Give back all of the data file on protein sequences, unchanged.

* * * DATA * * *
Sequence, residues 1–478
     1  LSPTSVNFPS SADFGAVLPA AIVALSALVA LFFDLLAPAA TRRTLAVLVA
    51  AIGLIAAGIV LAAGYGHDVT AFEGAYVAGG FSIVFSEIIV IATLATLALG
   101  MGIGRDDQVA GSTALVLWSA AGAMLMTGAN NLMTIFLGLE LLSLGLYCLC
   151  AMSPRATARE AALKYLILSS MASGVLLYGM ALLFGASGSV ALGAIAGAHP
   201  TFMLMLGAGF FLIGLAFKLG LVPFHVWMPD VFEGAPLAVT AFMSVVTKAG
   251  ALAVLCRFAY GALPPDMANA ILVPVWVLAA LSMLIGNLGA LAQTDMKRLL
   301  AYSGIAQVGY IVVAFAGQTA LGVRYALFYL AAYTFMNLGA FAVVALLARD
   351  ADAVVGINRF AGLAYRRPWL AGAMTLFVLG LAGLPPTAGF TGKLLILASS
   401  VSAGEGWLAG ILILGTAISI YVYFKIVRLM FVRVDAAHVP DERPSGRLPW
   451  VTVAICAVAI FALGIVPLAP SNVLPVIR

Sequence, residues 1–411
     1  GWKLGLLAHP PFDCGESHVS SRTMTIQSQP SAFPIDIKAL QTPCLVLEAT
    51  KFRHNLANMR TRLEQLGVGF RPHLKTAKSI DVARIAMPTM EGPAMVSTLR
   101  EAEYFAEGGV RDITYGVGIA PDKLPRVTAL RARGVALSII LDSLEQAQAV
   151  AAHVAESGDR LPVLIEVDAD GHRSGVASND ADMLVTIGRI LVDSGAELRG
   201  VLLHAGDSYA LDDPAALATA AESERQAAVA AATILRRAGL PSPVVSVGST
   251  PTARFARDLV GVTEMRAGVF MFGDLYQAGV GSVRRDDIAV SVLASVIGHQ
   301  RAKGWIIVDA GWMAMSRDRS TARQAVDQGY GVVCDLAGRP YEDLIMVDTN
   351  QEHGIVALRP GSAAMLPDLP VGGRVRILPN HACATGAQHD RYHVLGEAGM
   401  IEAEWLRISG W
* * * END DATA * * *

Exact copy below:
Sequence, residues 1–478
     1  LSPTSVNFPS SADFGAVLPA AIVALSALVA LFFDLLAPAA TRRTLAVLVA
    51  AIGLIAAGIV LAAGYGHDVT AFEGAYVAGG FSIVFSEIIV IATLATLALG
   101  MGIGRDDQVA GSTALVLWSA AGAMLMTGAN NLMTIFLGLE LLSLGLYCLC
   151  AMSPRATARE AALKYLILSS MASGVLLYGM ALLFGASGSV ALGAIAGAHP
   201  TFMLMLGAGF FLIGLAFKLG LVPFHVWMPD VFEGAPLAVT AFMSVVTKAG
   251  ALAVLCRFAY GALPPDMANA ILVPVWVLAA LSMLIGNLGA LAQTDMKRLL
   301  AYSGIAQVGY IVVAFAGQTA LGVRYALFYL AAYTFMNLGA FAVVALLARD
   351  ADAVVGINRF AGLAYRRPWL AGAMTLFVLG LAGLPPTAGF TGKLLILASS
   401  VSAGEGWLAG ILILGTAISI YVYFKIVRLM FVRVDAAHVP DERPSGRLPW
   451  VTVAICAVAI FALGIVPLAP SNVLPVIR

Sequence, residues 1–411
     1  GWKLGLLAHP PFDCGESHVS SRTMTIQSQP SAFPIDIKAL QTPCLVLEAT
    51  KFRHNLANMR TRLEQLGVGF RPHLKTAKSI DVARIAMPTM EGPAMVSTLR
   101  EAEYFAEGGV RDITYGVGIA PDKLPRVTAL RARGVALSII LDSLEQAQAV
   151  AAHVAESGDR LPVLIEVDAD GHRSGVASND ADMLVTIGRI LVDSGAELRG
   201  VLLHAGDSYA LDDPAALATA AESERQAAVA AATILRRAGL PSPVVSVGST
   251  PTARFARDLV GVTEMRAGVF MFGDLYQAGV GSVRRDDIAV SVLASVIGHQ
   301  RAKGWIIVDA GWMAMSRDRS TARQAVDQGY GVVCDLAGRP YEDLIMVDTN
   351  QEHGIVALRP GSAAMLPDLP VGGRVRILPN HACATGAQHD RYHVLGEAGM
   401  IEAEWLRISG W